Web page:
East Palo Alto elders and youth came together for a Zoom panel discussion, “Generational Conversations #1: Community Discussion on Racial Injustice” on June 29th, co-produced by Midpen Media and the Nairobi Committee. The elders helped to establish Nairobi College in EPA in the 1960s as an alternative junior college for minorities, and the next generation panelists are activists in their own right, leading initiatives from organizing protest marches to training EPA youth in tech skills.
Youth host Alanna Stevenson and elder statesman host Isaac Stevenson led the group of seven panelists through a series of questions examining how EPA has changed and how its Black community has advanced through the generations. A participant who experienced racial segregation in the South thought integration was detrimental in some ways because it caused Black communities to split up instead of consolidating collective power. The current social justice movement is looking to connect people with each other and find that sense of community that has been lost. Elders spoke about a time when neighbors knew everyone who lived on the block, and they would look out for each other. The younger generation is looking for ways to hold onto the strength of the older generations.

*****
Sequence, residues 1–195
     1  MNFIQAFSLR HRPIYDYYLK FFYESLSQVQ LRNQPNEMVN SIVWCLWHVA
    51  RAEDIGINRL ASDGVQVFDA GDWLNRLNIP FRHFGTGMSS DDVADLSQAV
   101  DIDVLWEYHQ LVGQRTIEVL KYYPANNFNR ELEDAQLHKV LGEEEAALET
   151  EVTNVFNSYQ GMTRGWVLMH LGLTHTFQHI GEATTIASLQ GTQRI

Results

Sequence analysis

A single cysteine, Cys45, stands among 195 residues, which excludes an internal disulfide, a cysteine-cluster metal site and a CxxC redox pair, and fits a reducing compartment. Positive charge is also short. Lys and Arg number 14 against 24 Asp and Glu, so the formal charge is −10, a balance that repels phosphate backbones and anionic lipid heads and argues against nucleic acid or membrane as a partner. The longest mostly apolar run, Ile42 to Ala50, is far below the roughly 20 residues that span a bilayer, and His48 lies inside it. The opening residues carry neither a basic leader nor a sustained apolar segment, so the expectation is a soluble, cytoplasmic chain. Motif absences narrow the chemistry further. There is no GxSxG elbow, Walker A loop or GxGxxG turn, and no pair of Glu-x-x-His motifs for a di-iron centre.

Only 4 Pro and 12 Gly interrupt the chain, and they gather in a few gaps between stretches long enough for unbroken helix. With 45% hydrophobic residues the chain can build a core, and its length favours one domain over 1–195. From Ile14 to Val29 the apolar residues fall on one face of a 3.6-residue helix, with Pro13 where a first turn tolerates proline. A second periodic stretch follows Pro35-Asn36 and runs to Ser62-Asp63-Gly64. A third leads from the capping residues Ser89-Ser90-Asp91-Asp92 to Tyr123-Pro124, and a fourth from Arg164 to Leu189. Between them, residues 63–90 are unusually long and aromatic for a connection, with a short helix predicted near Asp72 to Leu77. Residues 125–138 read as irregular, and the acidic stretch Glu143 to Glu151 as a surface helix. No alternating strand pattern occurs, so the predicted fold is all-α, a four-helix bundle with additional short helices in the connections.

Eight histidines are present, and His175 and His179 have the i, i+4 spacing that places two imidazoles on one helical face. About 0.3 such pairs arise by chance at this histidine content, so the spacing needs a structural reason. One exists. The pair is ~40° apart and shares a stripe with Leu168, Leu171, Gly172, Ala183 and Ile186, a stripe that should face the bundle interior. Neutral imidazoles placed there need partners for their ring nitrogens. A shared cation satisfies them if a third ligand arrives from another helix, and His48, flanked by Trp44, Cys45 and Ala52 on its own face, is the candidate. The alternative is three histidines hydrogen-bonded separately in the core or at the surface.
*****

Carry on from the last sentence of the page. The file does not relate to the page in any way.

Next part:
Midpen Media Director of Programs Jesse Norfleet is planning on producing additional “Generational Conversations” focusing on the generational experiences of other local community groups. Jesse noticed that the panel conversations were organic, and it was an opportunity for youth to learn from their elders. The live show had about 40 viewers and since then, another 120 viewers found the panel online. Learn more about how EPA and its residents have changed over the years. Watch the panel discussion on Midpen Media’s YouTube channel or on cable channel 28.
Generational Conversations, Channel 28
Tuesdays, Sept. 1, 8, 15, 22, 29 at 1:00 PM
Fridays, Sept. 4, 11, 18, 25 at 7:00 PM
Saturdays, Sept. 5, 12, 19, 26 at 11:00 AM